Welcome to my musings...

After a 3 year hiatus from blogging (too busy parenting teens to have time to write about it!), I have decided to revive my blog. I look forward to sharing my perspective on mothering as I am at the tail end of my child-raising journey. Nothing could be more beautiful, more full of joy and pain and anguish, than the divine calling of motherhood. I pray my musings will bless you on your own journey, and that you will feel encouraged and equipped!

Sunday, July 20, 2008

Spring Chickens


Today I am wondering who is this person who is inhabiting my body. I have to say that I am feeling every bit of my almost forty-one years tonight. It’s not physical—it’s on the inside. Every event today seemed to be mocking me, making me feel a sense of the passage of time.

It began with a wedding…the union of our dear friends’ twenty-six year old daughter. Alan and I dropped our kids off at a young family’s house so they could babysit this couple’s four children while we adults attended the wedding. It was a beautiful ceremony, complete with all the requisite items and including a few special touches all their own, such as a teddy bear (which has quite a story of his own) and bubbles blown as the bride and groom recessed down the aisle. Suddenly, in the middle of the ceremony, it struck me. For the first time, instead of being whisked back to memories of my own wedding (although there was some of that), I felt transported forward, imagining the weddings of my own precious children in the not-too-distant future. I realized that I am closer in time to that seemingly far-off day when my oldest daughter will wed than I am to that day when my husband and I said our own vows, even though it feels like just yesterday. It was a jarring realization…how could this be?

The reception was a lovely sit-down brunch. We were invited to join some young friends at their table, and upon sitting down, I remarked to Alan, “Looks like we’re the token old people at this table!” The other couples were all twenty-somethings and two of them were holding young babies. We had a delightful time with these young couples, but inside I kept thinking how we must look to them. I don’t feel any different, yet somehow we’ve attained the dubious status of a “mature” couple. When did this happen? Somewhere in between the diaper changes and the first steps? Or was it in the days of school beginnings, or at the transition to parents of a teenager? Part of me felt sad…I wanted to be one of them again, just starting out on their road together.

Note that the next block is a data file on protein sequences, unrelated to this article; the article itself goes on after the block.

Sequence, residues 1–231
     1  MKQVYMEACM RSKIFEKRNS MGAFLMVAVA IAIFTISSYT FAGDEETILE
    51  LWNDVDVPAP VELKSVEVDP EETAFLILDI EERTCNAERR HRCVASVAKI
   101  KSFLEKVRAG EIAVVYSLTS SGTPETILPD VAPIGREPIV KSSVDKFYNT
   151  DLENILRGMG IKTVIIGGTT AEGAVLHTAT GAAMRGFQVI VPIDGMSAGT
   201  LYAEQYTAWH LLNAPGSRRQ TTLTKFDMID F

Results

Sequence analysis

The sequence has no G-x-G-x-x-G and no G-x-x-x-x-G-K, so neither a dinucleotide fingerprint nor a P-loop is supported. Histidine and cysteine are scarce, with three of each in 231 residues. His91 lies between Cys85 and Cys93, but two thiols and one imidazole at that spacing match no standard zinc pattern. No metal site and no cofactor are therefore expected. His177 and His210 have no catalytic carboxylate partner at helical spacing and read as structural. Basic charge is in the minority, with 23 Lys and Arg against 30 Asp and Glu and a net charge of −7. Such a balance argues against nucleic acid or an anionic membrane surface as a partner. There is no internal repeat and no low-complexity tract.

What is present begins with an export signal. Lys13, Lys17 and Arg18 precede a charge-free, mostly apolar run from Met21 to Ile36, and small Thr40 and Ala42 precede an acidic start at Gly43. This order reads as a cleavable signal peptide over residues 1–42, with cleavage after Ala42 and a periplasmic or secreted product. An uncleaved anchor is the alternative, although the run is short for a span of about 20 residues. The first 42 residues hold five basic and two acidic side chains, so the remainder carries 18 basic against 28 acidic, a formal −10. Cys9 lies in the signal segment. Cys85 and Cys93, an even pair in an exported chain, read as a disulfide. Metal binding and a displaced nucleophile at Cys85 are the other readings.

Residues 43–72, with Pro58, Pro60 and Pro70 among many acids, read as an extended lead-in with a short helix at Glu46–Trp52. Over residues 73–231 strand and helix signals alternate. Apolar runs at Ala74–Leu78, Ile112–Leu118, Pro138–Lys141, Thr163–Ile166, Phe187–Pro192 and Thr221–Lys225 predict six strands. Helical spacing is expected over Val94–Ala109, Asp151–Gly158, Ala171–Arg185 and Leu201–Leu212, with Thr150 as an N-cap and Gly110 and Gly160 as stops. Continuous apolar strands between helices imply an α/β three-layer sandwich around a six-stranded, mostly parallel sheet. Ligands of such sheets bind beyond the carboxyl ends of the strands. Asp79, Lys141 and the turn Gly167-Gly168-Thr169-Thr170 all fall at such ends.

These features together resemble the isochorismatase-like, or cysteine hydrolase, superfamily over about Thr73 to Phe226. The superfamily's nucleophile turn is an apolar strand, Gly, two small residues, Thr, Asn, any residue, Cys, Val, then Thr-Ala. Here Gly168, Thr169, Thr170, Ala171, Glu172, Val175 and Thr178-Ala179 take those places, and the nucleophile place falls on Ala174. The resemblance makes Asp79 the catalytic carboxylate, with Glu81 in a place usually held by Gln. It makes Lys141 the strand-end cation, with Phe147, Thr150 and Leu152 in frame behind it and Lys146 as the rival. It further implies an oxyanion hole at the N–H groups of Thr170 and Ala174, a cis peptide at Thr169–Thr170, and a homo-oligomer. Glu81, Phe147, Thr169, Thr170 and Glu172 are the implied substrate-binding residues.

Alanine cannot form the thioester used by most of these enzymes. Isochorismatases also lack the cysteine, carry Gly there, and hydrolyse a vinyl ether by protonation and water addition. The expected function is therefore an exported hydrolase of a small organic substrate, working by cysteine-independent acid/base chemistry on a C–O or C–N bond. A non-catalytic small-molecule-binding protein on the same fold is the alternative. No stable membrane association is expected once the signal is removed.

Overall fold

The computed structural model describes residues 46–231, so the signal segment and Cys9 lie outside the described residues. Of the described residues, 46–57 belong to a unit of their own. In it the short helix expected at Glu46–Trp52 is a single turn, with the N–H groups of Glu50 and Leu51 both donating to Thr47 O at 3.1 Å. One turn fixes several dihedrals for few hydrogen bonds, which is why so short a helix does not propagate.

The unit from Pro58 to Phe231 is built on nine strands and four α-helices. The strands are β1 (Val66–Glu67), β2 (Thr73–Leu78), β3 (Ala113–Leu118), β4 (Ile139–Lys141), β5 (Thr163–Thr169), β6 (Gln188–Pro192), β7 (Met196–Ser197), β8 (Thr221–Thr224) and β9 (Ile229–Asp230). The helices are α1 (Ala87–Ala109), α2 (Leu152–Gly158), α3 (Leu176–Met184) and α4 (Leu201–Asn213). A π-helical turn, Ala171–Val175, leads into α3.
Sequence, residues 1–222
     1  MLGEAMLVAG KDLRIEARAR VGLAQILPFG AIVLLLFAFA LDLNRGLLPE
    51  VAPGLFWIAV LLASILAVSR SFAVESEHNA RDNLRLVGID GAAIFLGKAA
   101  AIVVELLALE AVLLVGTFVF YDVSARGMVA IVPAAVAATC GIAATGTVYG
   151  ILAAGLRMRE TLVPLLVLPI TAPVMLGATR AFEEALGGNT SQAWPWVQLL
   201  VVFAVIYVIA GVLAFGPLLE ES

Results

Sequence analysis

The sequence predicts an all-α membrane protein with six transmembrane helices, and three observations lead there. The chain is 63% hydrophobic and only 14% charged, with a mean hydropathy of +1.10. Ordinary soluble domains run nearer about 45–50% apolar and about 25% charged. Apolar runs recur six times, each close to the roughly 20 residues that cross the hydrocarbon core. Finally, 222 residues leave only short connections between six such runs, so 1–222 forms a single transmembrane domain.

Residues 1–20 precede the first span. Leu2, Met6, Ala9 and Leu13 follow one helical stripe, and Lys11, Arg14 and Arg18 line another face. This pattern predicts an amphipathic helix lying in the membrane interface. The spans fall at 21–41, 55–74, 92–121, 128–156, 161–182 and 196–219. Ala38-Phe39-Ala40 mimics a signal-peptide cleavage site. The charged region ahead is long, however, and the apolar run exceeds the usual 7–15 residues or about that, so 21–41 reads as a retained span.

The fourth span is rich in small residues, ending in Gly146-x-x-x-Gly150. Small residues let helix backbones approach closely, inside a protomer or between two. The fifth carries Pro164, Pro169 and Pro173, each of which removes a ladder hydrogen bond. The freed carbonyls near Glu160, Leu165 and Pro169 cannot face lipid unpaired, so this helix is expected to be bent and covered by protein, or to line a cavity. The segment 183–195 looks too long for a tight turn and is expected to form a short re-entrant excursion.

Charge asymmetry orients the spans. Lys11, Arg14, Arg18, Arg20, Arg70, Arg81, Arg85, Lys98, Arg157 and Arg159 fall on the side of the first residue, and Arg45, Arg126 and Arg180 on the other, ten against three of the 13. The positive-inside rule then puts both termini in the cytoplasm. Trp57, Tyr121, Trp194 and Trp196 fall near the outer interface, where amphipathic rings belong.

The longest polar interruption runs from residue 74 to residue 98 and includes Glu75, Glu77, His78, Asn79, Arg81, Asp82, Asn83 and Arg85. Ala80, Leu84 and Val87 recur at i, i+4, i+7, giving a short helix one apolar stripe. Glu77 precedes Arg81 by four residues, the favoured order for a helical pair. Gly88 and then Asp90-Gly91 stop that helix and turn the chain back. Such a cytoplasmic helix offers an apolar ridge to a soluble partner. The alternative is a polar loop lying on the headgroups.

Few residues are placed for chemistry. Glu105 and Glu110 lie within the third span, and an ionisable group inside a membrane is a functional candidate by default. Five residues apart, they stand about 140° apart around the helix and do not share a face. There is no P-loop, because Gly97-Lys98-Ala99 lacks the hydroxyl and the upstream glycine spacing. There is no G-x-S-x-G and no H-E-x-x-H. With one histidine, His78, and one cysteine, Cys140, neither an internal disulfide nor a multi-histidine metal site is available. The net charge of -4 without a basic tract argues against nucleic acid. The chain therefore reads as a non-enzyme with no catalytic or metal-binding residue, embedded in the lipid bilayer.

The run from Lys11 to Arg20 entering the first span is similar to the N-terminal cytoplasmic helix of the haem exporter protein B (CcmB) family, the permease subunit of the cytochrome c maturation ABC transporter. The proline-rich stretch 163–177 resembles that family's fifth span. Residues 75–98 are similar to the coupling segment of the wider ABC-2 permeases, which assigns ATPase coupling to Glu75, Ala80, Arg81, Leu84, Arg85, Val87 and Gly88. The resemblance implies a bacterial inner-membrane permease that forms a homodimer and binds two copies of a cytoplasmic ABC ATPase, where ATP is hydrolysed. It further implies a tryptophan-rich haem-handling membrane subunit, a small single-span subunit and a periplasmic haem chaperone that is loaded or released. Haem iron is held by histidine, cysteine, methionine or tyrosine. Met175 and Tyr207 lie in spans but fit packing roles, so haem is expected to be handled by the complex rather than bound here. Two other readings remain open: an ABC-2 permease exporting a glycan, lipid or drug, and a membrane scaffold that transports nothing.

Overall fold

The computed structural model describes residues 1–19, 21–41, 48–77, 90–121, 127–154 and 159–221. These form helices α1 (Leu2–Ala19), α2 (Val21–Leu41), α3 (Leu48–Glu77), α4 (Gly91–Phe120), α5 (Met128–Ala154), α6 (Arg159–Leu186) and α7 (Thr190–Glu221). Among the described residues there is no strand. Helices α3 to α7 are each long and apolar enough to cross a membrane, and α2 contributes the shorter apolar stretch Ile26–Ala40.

That evening I dropped our oldest child off at a high school girls’game night. Some young moms were hosting and acting as chaperones. When I arrived to pick her up, the group was involved in a rowdy game of Cranium. Question after question, I realized that I was the only one in the room old enough to know the answers or remember the events in question. They had never heard of the song “Mandy” (and my mind immediately began humming the tune while picturing ol’ Barry). When the young lady (trying to get them to guess Ronald Reagan) said “that OLD president that was shot” (to which everyone guessed “Lincoln!)”, memories flooded my mind of the day he was shot (I was home sick from school that day). I even knew who fought the War of 1812, although that one does predate me by more than a century! I would quietly mumble the answers and think “I remember that, and these people (kids and adults alike) weren’t even born yet!”. A later clue, which one young lady had to draw for the others to guess and which turned out to be “spring chicken” just seemed to rub salt in the wound. When the one giving the clue needed an explanation as to what exactly was a spring chicken, I cringed inside. The young mom answering her question replied, “You are one!” and explained that it meant someone who was young. I sadly thought to myself, “You may be one, but I am NOT.”

Most days, I embrace the season of life in which I find myself. Life is good…the kids are so much fun and showing the fruit of faithful discipline, being married to my best friend for almost twenty years is amazing, and I love the phase of life we are in. Today, however, I guess I had a wake-up call that shattered my serenity. I looked in the mirror and saw a few gray hairs, a few extra pounds, a distance between me and these young moms that I hadn’t previously noticed. It made me think of the time when I was a young teen and my dad described me to somebody as having blonde curls (when I hadn’t had blonde hair or curls for probably five or six years!). He still saw me that way in his mind’s eye even though I had long turned brunette and lost the ringlets (and maybe he still does). I guess in my own mind’s eye, I’m still that young mom in the prime of young adulthood instead of a heading toward middle-age “older” mom. Maybe tomorrow the whole idea of aging will be more palatable, but for tonight, I miss being a “spring chicken”.


Betty said...

Your Mom sent me your blog address and I just finished reading it. You write beautifully. I'm sure you will be a blessing to lots of Moms.


Aunt Betty

DKJS said...

Had to laugh at the "spring chicken" thing - that was soooo funny!!
You don't seem old to me, just a daughter of Christ who has been given a lot of wisdom from Him to share with us spring chickens!!
Living and Learning in Christ!

busymomof10 said...

You have a wonderful way with words! I just love this post! I totally identify with you. Suddenly, I discover I am 46 and wonder how I ever got so old?? I actually have a 23 year old college graduate that was once the baby that changed my life and gave me the desire to be a SAHM. How can she be so old? Suddenly, 6 out of my 10 children are teenagers or older! How did it happen? I don't feel that much older or wiser than the younger moms. How did I suddenly become an "older woman?" thanks for sharing your thoughts on this.